Gluten-free vegan in Central Asia

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Will1981
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Gluten-free vegan in Central Asia

Postby Will1981 » Thu Mar 21, 2019 11:33 pm

Hey all,

I will be in Kyrgyzstan and Tajikistan in July/August 2019. I'm not generally a fussy person and am very happy to rough it, but diet is my one, rather glaring, exception. I'm vegetarian, don't tolerate gluten and struggle with lactose. Will this be a problem in these parts? I'm happy to subsist off rice, vegetables and fruit for a few weeks, but I'm worried that I might offend any locals who I stay with or share meals with. Would gladly take any advice on this topic.

At the risk of sounding really naive, I would also like to ask if the cities have health food shops? I like to buy organic food wherever possible and could always stock up on protein powder etc before I head off hiking.

Also, are oats are thing in these parts? They're my breakfast staple!
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steven
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Re: Fussy eating on the Silk Road

Postby steven » Fri Mar 22, 2019 10:51 am

Your options are limited since the 3 staple foods in Central Asia are meat, dairy and pasta. So you will have to self-cater pretty much all the time. It's ok, we get plenty of vegans and they all manage.

For more forum threads and vegan/vegetarian/gluten-free food tips, see https://caravanistan.com/food/
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Julia
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Re: Fussy eating on the Silk Road

Postby Julia » Fri Mar 22, 2019 5:40 pm

Hi.
In big cities like Bishkek and Dushanbe you should be fine.
If go to distant villages especially in Tajikistan than may not find anything suitable for you to eat except potato and carrots (or apricots sometimes).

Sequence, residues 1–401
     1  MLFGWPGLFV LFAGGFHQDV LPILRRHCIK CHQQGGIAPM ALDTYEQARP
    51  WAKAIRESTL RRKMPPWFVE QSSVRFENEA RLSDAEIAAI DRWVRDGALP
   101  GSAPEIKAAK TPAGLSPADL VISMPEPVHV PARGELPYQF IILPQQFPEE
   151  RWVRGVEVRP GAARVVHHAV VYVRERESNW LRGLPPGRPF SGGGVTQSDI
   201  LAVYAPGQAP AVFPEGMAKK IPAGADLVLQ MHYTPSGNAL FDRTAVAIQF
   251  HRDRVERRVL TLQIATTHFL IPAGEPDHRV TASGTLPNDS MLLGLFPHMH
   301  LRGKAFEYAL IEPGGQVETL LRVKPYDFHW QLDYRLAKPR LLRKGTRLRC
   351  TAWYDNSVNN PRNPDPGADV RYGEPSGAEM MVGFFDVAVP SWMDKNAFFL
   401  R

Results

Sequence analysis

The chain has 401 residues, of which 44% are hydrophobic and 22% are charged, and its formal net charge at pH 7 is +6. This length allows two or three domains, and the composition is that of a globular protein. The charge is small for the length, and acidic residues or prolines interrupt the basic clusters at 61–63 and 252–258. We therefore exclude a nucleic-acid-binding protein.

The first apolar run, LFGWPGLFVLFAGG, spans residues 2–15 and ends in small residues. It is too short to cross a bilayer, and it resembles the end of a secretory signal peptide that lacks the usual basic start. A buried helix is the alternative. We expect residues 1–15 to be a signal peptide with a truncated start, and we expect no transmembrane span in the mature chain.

So make sure you stock up with food before going hiking.

I travelled with vegan friends. We stayed with locals. Nobody was offended when they refused eating meat. People understand.

There is no labeling like organic or not in Central Asia. Local fruits and veggies (not imported) are tasty and look natural (unlike imported ones). So we just buy local fruits/veggies from local markets.

Btw, dried fruits and nuts from local markets is good option to always have with you in case there no suitable food.
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Christian77
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Re: Fussy eating on the Silk Road

Postby Christian77 » Fri Mar 22, 2019 6:12 pm

If it's a popular guesthouse then you should be fine. The people who run the guesthouses have had many guests who are vegetarian, Hindu or who are one of those Israeli backpacker quartets who are strictly kosher. They understand. But if it's a random person who has invited you in then, yes, you may get into an endless discussion of why you don't eat meat.

I've never travelled with a gluten-free diet person. But I think turning down bread in someone's home in Tajikistan is going to be... strange.

You might want to print out the Russia wikipedia article on the Gluten-free diet. If you show this to them they will be able understand that is a medical condition: https://ru.wikipedia.org/wiki/%D0%91%D0 ... 1%82%D0%B0